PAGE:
The ethical issues involved in MSP make it hard to diagnose. Accusing a mother, father, or caretaker of intentionally creating symptoms or making a child sick is a serious matter. Medical professionals will look for symptoms and other incriminating evidence before doing so.
One way to confirm suspicions of MSP is to separate the mother, father, or caregiver from the child. Then see if the child’s symptoms improve. Doctors also can evaluate medical records. They can look for patterns that suggest something is off. For example, a child who has been seen for many different illnesses during a short period of time should trigger suspicion. If MSP is suspected, health care providers are required to report it.
Can Munchausen syndrome by proxy be prevented or avoided?
Unfortunately, there is no way to prevent MSP. The caregiver must recognize that his or her feelings about illness are not normal. In those situations, seeking help could prevent them from harming a child.
It is usually up to others to recognize the behavior and stop it before it escalates. If you believe a child is in danger or is currently a victim of MSP, contact a health care professional, the police, or child protective services.
Munchausen syndrome by proxy treatment
Safety of the child is the No. 1 priority of treatment. The child should be treated for any medical problems they are having and protected from further abuse. They may need to be removed from the care of the affected caregiver. Psychological treatment may be necessary as the child recovers.
Treatment of the mother, father, or caregiver involved is not as straightforward. Many times, this person will deny playing a role, even when evidence proves it. They often have blurred what is true and what is not. Until they are ready to recognize the truth, it will be difficult for them to get better.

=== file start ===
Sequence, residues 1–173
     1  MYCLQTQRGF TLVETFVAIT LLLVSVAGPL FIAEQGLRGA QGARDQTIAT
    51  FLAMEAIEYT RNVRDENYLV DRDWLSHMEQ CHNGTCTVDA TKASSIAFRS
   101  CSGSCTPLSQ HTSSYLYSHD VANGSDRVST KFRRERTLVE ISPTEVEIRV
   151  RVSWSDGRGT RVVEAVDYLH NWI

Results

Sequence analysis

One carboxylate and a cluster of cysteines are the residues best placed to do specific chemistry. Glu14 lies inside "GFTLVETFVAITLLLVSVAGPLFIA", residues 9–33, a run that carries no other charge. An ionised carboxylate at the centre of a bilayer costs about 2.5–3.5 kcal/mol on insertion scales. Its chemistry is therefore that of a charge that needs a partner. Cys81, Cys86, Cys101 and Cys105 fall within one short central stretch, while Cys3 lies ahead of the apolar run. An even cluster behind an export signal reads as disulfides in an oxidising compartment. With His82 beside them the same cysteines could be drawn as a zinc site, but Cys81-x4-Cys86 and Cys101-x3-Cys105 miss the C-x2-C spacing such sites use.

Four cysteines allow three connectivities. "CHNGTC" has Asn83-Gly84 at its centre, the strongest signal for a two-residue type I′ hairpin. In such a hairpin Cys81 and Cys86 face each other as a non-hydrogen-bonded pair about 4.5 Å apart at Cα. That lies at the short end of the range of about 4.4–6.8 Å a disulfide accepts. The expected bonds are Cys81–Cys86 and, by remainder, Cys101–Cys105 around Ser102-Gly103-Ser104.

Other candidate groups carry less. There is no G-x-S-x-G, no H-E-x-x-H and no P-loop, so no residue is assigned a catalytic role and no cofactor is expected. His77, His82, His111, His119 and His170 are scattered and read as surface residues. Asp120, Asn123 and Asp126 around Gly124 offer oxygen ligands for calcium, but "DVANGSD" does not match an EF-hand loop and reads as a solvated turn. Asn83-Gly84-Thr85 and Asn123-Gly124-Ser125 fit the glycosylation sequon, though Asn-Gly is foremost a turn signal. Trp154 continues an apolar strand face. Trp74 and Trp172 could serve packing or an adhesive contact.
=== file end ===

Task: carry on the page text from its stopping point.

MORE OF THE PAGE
Psychotherapy is recommended for persons who have MSP. During these counseling sessions, the therapist helps the caregiver identify the feelings that caused his or her harmful behavior. Over time, the caregiver can learn to change that behavior. They can learn to form healthy relationships that don’t rely on someone being sick.
Because this is a form of child abuse, the syndrome must be reported to the authorities.
Living with Munchausen syndrome by proxy
Someone living with Munchausen syndrome by proxy has a serious mental illness. It is a form of child abuse. So they cannot be allowed to continue their behavior. If you suspect someone you know has this illness, it is important that you notify a health care professional, the police, or child protective services. Call 911 if you know a child who is in immediate danger because of abuse or neglect.
You can also call the Childhelp National Child Abuse Hotline at 1-800-4-A-CHILD (1-800-422-4453). Crisis counselors are available to help you figure out next steps. All calls are anonymous and confidential.
Questions to ask your doctor
- What are some clues that my spouse/child’s caregiver has Munchausen syndrome by proxy?
- What could be causing my spouse/child’s caregiver to act this way?
- What should I do if I suspect that someone I know is showing symptoms of Munchausen syndrome by proxy?
- Can someone fully recover from Munchausen syndrome by proxy?
Copyright © American Academy of Family Physicians
This information provides a general overview and may not apply to everyone. Talk to your family doctor to find out if this information applies to you and to get more information on this subject.